Deactivating your Twitter account immediately stops all notifications, tweets and messages. This bold step is a viable option if the numerous tweets have grown annoying or you find your time wasted on personal tweets or updates. If you change your mind, however, you can reactivate your account as long as the grace period has not expired.
Twitter grants a 30-day grace period after deactivating your account during which time you can reactivate it and fully recover your data. If you fail to reactivate the account before expiration of this grace period, your account is permanently deleted and cannot be recovered. Your only solution to a permanently deleted account is to sign up for a new one.
Reactivating the Account
Simply logging in to your Twitter account reactivates it, assuming the 30-day grace period has not expired. Reactivation is not available through a mobile device, so you must reactivate the account from your computer. You'll know the account is reactivated when you see your home page after logging in. No further steps are required.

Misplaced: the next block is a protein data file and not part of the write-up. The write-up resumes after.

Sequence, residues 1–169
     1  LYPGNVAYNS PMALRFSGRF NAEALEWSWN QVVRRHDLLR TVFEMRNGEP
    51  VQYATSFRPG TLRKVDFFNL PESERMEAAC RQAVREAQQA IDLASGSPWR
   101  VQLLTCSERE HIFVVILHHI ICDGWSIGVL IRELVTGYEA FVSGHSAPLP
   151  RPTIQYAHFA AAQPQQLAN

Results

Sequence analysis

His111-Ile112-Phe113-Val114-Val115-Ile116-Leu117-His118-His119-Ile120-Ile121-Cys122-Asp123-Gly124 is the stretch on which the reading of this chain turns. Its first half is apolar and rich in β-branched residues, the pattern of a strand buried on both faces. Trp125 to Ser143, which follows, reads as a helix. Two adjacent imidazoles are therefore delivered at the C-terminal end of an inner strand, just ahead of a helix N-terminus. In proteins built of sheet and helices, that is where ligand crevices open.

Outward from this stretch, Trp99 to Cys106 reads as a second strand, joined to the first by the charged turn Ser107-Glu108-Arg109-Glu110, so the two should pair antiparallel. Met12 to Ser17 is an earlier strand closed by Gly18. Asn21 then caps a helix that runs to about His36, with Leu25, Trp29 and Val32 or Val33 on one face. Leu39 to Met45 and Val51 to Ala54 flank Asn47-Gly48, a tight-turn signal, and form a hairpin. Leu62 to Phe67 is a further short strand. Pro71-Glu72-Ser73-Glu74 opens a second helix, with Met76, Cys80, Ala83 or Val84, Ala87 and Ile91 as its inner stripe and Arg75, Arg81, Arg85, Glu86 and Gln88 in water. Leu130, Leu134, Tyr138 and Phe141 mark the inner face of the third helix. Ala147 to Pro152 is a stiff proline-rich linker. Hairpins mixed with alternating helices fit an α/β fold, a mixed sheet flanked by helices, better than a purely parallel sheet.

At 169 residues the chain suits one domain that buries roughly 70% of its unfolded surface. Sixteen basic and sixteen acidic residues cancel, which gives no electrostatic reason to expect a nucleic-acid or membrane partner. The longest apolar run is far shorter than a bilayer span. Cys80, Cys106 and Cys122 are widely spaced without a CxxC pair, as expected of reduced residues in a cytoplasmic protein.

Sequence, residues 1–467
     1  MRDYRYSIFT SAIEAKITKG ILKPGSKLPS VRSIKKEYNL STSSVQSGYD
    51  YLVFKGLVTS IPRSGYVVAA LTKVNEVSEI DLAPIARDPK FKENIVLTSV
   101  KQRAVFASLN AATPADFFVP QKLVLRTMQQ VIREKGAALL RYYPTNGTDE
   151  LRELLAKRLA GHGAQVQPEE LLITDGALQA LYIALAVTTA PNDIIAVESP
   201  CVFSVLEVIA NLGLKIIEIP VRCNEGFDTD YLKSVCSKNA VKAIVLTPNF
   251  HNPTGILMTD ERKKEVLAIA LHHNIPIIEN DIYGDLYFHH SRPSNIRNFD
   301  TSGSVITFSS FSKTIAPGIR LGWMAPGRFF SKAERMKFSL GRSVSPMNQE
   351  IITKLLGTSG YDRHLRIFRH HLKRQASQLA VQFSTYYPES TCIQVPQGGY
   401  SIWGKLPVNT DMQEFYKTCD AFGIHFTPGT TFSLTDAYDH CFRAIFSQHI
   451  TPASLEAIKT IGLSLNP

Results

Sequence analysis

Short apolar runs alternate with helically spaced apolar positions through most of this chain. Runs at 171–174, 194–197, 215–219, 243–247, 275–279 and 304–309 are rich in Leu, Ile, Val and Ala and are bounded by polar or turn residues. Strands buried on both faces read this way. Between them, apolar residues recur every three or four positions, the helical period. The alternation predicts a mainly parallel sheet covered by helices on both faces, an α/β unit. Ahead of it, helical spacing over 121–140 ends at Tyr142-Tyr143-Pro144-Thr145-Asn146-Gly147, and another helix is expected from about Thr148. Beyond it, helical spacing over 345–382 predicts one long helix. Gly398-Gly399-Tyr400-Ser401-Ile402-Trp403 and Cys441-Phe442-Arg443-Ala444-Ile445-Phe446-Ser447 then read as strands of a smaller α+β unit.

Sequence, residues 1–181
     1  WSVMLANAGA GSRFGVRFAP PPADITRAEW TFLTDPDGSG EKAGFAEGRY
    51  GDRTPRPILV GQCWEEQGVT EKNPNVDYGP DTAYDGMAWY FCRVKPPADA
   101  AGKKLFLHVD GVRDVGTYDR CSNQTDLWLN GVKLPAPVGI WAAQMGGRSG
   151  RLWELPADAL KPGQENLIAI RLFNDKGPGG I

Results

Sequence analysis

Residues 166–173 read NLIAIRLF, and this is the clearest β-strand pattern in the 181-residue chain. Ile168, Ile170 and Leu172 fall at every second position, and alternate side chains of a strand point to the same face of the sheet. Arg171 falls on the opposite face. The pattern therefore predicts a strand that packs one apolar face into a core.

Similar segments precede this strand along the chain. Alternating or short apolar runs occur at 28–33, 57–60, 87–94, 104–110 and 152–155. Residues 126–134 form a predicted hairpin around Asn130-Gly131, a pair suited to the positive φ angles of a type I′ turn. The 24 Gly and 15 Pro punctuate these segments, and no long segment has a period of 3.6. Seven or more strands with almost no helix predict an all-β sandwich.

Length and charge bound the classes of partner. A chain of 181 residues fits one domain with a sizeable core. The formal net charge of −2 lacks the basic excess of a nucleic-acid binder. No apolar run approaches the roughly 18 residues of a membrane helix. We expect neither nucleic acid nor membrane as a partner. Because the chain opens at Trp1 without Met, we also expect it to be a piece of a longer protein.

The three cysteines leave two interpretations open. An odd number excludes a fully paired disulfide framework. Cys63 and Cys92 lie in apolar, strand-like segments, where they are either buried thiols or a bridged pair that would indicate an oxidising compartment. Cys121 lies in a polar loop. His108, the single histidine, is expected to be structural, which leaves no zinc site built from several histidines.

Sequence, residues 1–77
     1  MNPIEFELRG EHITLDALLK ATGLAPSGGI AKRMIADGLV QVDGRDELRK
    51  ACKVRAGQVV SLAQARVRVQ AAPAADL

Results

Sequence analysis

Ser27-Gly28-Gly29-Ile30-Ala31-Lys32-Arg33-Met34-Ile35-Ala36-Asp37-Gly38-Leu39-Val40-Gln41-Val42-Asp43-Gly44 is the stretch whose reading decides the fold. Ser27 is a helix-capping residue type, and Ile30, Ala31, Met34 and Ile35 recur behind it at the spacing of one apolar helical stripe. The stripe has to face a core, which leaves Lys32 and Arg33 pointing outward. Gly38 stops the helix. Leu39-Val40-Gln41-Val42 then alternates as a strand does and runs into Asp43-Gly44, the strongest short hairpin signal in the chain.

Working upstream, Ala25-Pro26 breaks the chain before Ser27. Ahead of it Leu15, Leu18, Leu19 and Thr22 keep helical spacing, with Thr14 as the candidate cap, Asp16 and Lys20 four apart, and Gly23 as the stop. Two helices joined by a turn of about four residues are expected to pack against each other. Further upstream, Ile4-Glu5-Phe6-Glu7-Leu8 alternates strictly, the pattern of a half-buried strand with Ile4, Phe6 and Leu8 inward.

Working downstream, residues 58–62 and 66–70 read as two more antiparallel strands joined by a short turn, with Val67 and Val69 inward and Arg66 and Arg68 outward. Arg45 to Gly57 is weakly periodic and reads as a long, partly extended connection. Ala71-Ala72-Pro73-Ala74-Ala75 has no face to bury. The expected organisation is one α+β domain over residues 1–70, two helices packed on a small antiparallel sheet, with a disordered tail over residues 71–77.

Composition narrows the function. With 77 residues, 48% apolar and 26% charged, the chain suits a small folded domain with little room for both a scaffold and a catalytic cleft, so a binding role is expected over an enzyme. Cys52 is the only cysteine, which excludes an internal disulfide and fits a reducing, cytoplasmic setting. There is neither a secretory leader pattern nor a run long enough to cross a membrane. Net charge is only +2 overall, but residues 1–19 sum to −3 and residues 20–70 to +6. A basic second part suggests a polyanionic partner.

If you forget your password, you'll obviously have trouble logging in to your account. However, the option to reset your password is not available on deactivated accounts. If you have trouble remembering your password, contact a support representative (link in Resources) and ask to manually reactivate your account. Once reactivated, you can request an email to reset your password (link in Resources).
Twitter sometimes presents an error that states reactivation is disabled even when logging in before the 30-day grace period expires. If that happens, simply try again later. However, if you're close to the 30-day cutoff, contact a Twitter agent through the support forms (link in Resources). Once activated, your follower, following and tweet numbers might not be immediately accurate. That's a common problem, which should be automatically corrected within 24 hours. Twitter recommends contacting a support agent only if the correct numbers don't appear within 48 hours.